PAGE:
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Papers of the Week

Papers: 20 Apr 2019 - 26 Apr 2019

Human Studies, Pharmacology/Drug Development

2019 May




Effectiveness and safety of 5% lidocaine-medicated plaster on localized neuropathic pain after knee surgery: a randomized, double-blind controlled trial.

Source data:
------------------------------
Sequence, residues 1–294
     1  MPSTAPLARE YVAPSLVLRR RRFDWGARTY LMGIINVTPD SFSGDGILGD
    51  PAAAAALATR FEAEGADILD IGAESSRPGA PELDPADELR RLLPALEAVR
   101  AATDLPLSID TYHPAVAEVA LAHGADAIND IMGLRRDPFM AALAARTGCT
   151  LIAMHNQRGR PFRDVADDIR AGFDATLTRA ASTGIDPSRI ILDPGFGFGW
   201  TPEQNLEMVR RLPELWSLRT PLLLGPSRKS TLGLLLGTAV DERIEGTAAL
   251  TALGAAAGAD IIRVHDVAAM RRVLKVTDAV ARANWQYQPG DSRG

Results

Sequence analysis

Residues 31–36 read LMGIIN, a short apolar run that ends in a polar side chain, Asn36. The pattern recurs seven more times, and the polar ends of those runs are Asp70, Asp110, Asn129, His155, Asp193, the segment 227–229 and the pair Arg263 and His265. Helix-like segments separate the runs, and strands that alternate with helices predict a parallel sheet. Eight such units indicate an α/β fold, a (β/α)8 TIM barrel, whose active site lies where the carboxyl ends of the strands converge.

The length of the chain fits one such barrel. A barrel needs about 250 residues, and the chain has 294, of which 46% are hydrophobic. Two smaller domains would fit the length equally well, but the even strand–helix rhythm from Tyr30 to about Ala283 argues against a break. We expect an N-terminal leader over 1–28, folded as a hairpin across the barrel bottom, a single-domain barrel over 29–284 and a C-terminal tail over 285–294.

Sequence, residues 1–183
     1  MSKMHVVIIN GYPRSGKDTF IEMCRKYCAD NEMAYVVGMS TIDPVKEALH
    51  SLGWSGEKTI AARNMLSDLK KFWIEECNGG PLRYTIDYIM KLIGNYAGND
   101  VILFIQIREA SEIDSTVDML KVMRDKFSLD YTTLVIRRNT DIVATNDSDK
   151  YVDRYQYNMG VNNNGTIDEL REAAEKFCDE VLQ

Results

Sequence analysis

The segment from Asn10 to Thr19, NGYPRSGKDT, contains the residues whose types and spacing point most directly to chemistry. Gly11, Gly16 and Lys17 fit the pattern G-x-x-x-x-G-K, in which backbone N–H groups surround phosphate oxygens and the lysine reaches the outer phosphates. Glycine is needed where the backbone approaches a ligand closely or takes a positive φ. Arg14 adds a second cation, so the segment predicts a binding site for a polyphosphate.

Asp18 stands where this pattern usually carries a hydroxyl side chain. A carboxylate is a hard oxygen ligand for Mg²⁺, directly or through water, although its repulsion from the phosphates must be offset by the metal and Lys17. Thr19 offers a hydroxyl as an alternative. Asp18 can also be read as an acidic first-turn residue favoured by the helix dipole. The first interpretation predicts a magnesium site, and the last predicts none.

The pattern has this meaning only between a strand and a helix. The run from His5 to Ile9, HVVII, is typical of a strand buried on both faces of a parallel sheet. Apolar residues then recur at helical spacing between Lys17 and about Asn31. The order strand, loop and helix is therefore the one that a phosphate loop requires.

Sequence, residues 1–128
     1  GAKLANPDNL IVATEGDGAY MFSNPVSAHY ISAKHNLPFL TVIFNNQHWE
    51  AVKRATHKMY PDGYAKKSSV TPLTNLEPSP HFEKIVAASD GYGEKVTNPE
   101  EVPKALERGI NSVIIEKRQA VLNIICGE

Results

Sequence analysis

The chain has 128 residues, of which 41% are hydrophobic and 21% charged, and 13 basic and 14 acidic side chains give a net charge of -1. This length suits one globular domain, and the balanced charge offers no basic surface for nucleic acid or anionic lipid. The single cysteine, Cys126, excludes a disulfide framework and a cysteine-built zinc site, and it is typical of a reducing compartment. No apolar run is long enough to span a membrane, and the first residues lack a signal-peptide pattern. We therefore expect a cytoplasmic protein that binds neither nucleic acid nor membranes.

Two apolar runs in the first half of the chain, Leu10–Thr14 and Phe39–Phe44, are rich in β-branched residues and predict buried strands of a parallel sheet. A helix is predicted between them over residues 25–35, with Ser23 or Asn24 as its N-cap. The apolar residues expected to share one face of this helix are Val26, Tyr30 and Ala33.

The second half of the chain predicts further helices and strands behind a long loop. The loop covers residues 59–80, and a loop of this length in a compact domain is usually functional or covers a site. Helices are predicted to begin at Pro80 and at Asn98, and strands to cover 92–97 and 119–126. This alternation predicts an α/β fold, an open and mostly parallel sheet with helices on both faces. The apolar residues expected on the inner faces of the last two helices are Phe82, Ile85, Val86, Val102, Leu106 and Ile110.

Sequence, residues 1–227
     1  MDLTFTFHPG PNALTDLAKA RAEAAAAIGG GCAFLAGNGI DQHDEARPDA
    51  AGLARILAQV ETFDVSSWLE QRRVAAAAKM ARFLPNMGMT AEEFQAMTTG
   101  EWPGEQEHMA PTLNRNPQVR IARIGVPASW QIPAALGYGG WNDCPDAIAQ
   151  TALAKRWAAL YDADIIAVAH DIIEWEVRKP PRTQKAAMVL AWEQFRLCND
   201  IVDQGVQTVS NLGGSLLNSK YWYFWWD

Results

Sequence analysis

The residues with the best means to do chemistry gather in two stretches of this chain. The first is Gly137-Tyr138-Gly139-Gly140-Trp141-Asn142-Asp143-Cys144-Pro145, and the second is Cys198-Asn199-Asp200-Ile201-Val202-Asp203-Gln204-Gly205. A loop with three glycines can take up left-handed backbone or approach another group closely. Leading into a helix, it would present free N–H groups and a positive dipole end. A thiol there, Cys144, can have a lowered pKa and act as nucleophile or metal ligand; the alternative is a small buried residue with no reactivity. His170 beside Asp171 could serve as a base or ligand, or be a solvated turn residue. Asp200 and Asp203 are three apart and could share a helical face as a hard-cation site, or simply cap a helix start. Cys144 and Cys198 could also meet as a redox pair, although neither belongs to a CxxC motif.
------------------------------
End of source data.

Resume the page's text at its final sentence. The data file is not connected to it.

Localized neuropathic pain symptoms are reported after knee surgery in 30% to 50% of patients. 5% lidocaine plaster (LP5) is recommended for localized neuropathic pain, but evidence in postsurgery neuropathic pain is missing. This study focuses on the effectiveness of LP5 on allodynia, hyperalgesia, and thermal stimuli in postsurgery knee localized neuropathic pain. A randomized double-blind, 2 parallel groups, controlled trial (NCT02763592) took place in 36 patients (age, 69.4 ± 7.3 years) at the Clinical Pharmacology Center, University Hospital Clermont-Ferrand, France. Patients randomly received LP5 or placebo plaster during 3 months. Neuropathic pain intensity and several parameters (dynamic mechanical allodynia, mechanical [von Frey], heat and cold detection and pain thresholds [Pathway Medoc], and size of the allodynic area were recorded at each visit [inclusion, day 7, 15, month 1, 2, and 3]). From day 7 onwards, dynamic mechanical allodynia diminished progressively of ≥ 30% over 3 months (P = 0.003) in 96% of patients (23/24) and of ≥ 50% in 83% of patients (20/24). Cold pain and maximal mechanical pain thresholds improved over 3 months (P = 0.001 and P = 0.007, respectively). This study shows for the first time the effectiveness of LP5 on dynamic mechanical allodynia, pain, pressure, and cold thresholds over 3 months in knee localized neuropathic pain. Beyond the inhibition of sodium channels by LP5, these findings suggest the involvement of cold and mechanical receptors that participate to pain chronicisation and also of the non-negligible placebo effect of the patch, items that need to be explored further and challenged in other etiologies of localized neuropathic pain.